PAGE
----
Democrats struggle to beat maverick Sen. Brown in Massachusetts

Democrats struggle to beat maverick Sen. Brown in Massachusetts

Scott Brown has spent most of his Senate career with a target on his back. But his maverick voting record and fundraising prowess have positioned him to achieve the unthinkable: winning statewide reelection in Massachusetts as a Republican.

Brown has, so far, avoided drawing a serious challenger in his bid for a full, six-year term, despite the Bay State’s traditionally Democratic hue.

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“He has not been the caricature. Yes, he’s made himself more electable by being more moderate,” said Rep. Barney Frank (D-Mass.), who passed on a challenge to Brown. And Frank said he expects other members of the delegation to stay out of the race as well, in part due to Brown’s strength.

“I do think it’s very unlikely that a member of the delegation will run, and in that sense Brown’s strength has discouraged candidacies,” he said.

Brown has sought to project a centrist image since being elected to the Senate in a special election in January of 2010 to replace the late Sen. Edward Kennedy (D). He supported Democrats’ financial regulatory reform bill last year, and was one of a handful of Republicans to vote in favor of eliminating the military’s “Don’t ask, don’t tell” policy.

“Massachusetts is not Texas, so I think demonstrating some independence and not party-line votes is good for his survival,” said Sen. John CornynJohn CornynMcConnell warns Schumer cutting off debate quickly could stall infrastructure deal GOP skepticism looms over bipartisan spending deal Biden's bipartisan deal faces Senate gauntlet MORE (Texas), the chairman of Senate Republicans’ campaign committee.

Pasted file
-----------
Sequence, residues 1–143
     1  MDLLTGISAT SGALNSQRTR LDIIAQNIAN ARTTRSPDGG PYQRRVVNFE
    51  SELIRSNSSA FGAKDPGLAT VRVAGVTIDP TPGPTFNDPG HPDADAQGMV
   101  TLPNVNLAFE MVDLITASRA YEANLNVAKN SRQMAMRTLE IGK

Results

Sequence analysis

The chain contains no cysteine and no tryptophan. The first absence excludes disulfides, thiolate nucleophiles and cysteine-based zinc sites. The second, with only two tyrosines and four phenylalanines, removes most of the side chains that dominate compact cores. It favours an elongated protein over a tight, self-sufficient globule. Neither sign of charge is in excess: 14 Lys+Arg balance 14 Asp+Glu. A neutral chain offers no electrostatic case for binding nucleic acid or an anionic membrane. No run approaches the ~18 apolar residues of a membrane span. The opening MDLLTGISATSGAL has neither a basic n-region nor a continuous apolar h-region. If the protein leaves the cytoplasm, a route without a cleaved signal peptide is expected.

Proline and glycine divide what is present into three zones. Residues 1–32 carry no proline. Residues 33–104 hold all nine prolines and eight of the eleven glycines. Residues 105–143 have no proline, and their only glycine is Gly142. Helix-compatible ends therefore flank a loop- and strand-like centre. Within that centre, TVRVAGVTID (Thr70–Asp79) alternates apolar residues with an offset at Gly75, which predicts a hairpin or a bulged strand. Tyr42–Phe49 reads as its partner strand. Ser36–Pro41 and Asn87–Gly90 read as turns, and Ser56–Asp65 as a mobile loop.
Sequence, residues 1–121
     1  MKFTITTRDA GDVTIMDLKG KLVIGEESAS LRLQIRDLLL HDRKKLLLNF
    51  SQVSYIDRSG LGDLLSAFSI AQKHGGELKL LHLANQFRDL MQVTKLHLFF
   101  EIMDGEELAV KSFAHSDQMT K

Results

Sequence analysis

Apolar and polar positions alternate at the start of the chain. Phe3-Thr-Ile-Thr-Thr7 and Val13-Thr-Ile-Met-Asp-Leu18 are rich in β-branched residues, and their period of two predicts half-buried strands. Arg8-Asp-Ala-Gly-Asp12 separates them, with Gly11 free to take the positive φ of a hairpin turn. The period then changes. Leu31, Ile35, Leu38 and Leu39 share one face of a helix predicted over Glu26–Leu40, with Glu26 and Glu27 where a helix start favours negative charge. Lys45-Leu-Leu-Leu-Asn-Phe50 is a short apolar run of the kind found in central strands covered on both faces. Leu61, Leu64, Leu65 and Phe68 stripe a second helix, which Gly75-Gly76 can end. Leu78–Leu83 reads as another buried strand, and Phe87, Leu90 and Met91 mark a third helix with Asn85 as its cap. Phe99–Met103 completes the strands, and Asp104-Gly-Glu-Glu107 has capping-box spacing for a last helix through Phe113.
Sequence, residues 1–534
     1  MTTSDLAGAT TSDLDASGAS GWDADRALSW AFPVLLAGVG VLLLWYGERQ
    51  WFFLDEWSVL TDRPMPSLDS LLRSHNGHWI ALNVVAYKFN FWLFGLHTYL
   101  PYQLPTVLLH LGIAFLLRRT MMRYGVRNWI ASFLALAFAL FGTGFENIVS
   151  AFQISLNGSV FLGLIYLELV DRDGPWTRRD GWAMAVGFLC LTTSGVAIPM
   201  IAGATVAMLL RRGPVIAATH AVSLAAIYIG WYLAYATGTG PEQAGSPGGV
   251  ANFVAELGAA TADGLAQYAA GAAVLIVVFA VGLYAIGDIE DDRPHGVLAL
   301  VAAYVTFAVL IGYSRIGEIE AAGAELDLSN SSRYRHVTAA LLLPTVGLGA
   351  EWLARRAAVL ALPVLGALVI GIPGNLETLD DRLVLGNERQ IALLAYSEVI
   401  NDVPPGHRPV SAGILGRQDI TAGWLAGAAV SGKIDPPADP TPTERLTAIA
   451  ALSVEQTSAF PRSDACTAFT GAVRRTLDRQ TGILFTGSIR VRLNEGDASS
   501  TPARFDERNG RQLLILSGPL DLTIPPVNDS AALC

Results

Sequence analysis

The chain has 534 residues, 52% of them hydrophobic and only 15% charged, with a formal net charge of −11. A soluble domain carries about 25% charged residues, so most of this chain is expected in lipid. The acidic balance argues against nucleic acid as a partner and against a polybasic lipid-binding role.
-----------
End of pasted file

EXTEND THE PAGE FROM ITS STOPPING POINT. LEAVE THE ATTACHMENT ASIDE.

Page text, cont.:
Indeed, Public Policy Polling (PPP), a Democratic firm, released a new survey on Tuesday showing Brown with a lead over all Democratic challengers. He bests Martha Coakley (D), the state attorney general whom he beat in 2010, and who polls most competitively against Brown, 49-40 percent, with 10 percent undecided.

Brown’s advisers have sought to carefully manage how he’s built his public profile; he embarked on a press tour earlier this year to promote a new book, in which he revealed that he was a victim of physical and sexual abuse as a child. And Brown announced that he’d asked to spend his mandatory two weeks of duty as a National Guardsman in Afghanistan this year. His political advisers cast him as an independent senator who’s kept his head down and focused on state issues during a year and a half in Washington.

“Sen. Brown was elected to do a job, he takes that job seriously, and his focus right now is on working with people from both sides of the aisle to create jobs and promote fiscal responsibility in Washington,” said Eric Fehrnstrom, a top adviser to both Brown’s campaign and former Massachusetts Gov. Mitt Romney’s (R) presidential bid.

Brown has also taken steps to bone up on his political chops. He established a political action committee in early June, and his reelection campaign’s set a purported fundraising goal of around $25 million — enough to scare off a number of would-be Democratic challengers. He had more than $8 million in the bank at the end of March, and Brown’s campaign will likely report even more cash on hand when his Federal Election Commission filing is due this month.

Several relatively unknown Democrats have entered the race, including Newton Mayor Setti Warren, state Rep. Tom Conroy and Alan Khazei, the founder of a civic nonprofit. But there’s a sense that the party establishment in Washington might be looking for more of a heavyweight name to go up against Brown. Boston Mayor Thomas Menino (D) distilled the sentiment last month when he said that none of the declared Democrats in the race would be able to beat Brown.